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Difference Between Designated Property and Probate/Trust Property

Posted by Jerry Clinch | Sep 14, 2021 | 0 Comments

A great number of people go through the effort of preparing a Will or Trust, signing these documents, performing any necessary funding steps, and then proceed to close their estate planning file for the rest of their lives. Your estate plan must be reviewed on a regular basis and updated when necessary in order to make sure it accurately states your wishes.

How Property Passes to Heirs

Once you pass away, your property passes to your heirs in one of two ways:

  • By designation; and/or
  • Through probate or trust.

“By designation” refers to the process of identifying and transferring certain property to others automatically, such as using a designation as Payable On Death (POD), Transfer On Death (TOD) or Joint Tenancy with Rights of Survivorship (JTWROS). For example, you can set up a bank account to be POD to someone who you select and designate with the appropriate bank. Additionally, marital homes are very often owned in Joint Tenancy with Rights of Survivorship, which means that when the first spouse passes away, ownership of the marital home automatically transfers to the surviving spouse without having to go through Probate. These types of designations transfer property at your death without the necessity of Probate or Trust.

A Probate procedure in court, or a Trust, only transfers property not previously designated. For example, if you have a bank account without a designated beneficiary and you happen to pass away, a Probate or Trust is needed to distribute this bank account to the heir(s). A problem arises where property, such as a bank account, is listed in a Will or Trust to be inherited by person “A” and that same bank account is designated as POD to person “B.” In this scenario, Person “B” gets the contents of the bank account. A property designation always trumps a Probate or Trust transfer because designated property legally transfers immediately after death before the Probate ever begins or a Trust can transfer. 

Avoiding Ownership Disputes

How can you avoid these potential ownership disputes? Make sure that any property that is designated to transfer automatically after your death is set up to transfer according to your current wishes. In order to do this, you should take the following steps:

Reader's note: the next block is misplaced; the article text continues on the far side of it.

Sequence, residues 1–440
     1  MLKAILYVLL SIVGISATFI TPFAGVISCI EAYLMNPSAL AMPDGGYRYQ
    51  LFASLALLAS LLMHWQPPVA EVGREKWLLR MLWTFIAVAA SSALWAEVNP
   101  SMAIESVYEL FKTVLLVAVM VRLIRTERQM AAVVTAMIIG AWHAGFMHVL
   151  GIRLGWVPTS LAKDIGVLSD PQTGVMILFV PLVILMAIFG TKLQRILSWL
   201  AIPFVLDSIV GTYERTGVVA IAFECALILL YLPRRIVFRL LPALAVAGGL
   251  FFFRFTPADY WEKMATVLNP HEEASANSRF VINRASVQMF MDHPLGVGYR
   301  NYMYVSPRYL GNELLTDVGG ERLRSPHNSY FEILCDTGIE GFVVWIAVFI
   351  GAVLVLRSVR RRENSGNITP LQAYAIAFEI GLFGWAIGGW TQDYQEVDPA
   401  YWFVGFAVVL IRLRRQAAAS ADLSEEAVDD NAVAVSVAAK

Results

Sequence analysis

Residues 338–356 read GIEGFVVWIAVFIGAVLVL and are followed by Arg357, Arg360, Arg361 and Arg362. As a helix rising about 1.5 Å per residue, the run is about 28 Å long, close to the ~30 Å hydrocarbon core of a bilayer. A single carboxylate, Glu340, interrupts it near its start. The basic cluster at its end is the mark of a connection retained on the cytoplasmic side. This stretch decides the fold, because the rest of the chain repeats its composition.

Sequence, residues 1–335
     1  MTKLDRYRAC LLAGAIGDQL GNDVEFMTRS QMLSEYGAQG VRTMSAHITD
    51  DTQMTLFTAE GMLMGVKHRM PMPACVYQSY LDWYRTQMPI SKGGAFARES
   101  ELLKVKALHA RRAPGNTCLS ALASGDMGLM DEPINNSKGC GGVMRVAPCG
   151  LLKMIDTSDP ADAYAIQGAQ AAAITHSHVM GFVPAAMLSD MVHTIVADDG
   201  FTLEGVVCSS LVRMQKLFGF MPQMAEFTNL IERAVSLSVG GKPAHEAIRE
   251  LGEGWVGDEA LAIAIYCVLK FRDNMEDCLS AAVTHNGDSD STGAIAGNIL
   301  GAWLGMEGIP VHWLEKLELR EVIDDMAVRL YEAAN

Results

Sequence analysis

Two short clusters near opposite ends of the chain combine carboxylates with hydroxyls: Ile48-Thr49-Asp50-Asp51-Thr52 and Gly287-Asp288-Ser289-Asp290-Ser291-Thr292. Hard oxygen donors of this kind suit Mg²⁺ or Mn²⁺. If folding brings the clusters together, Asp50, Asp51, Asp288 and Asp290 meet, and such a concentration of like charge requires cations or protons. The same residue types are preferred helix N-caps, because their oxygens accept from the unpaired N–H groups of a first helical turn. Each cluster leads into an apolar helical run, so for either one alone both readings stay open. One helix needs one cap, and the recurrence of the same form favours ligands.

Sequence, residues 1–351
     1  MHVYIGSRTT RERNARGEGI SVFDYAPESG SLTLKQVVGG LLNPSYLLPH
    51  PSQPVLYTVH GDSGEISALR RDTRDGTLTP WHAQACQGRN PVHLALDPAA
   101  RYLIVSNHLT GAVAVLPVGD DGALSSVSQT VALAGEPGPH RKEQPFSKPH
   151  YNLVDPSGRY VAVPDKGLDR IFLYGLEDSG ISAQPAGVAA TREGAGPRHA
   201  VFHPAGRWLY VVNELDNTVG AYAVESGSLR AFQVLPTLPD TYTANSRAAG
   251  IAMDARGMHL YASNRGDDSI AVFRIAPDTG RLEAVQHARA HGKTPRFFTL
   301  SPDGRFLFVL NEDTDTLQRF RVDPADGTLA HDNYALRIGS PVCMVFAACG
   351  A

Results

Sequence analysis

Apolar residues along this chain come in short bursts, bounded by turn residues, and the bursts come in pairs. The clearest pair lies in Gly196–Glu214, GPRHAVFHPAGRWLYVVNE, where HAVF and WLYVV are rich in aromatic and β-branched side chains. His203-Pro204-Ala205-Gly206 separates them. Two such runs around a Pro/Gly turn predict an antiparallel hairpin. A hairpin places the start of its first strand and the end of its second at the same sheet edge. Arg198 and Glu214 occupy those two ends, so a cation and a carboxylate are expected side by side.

• Contact all of your account holders (banks, brokerage firms, IRAs, etc.) and ask for an information printout of each account showing ownership, the present value of the account, and any beneficiary designations. This is a very simple task that is usually accomplished with one keystroke on a computer or a short phone call to the appropriate financial institution.
  • Request the same type of information on all life insurance policies. This can avoid the potential situation wherein a spouse on his/her second marriage failed to update a life insurance policy and change the beneficiary from the ex-spouse to the new spouse. This can be a simple oversight by the decedent with a dramatic outcome for his/her heirs. 
  • Obtain a copy of all your property ownership documents, including, but not necessarily limited to: Real estate deeds, vehicle titles, and even cattle brands should be collected. Note: As far as cattle are concerned, if you leave all of your cattle to your children in your Will, but your business partner, Jim, is named as the joint owner on the brand – Jim gets the herd. 
  • After you have organized the above information, review it to see whether your property is designated, or not, according to your present wishes. Otherwise, your carefully drafted Will or Trust could become meaningless.

Take steps to give yourself, and your family, Peace of Mind today. Contact Clinch Law Firm, LLC to schedule a consultation at our York, Nebraska office, or feel free to schedule a complimentary 30-minute telephone consultation or a 60-minute in-person consultation for a time that works for you here: Appointment Scheduler. Virtual appointments are also available, upon request.

About the Author

Jerry Clinch

Jerry has extensive trial experience and knowledge regarding estate planning, probate, asset protection, business law and business formations.  You can reach Jerry at [email protected] 

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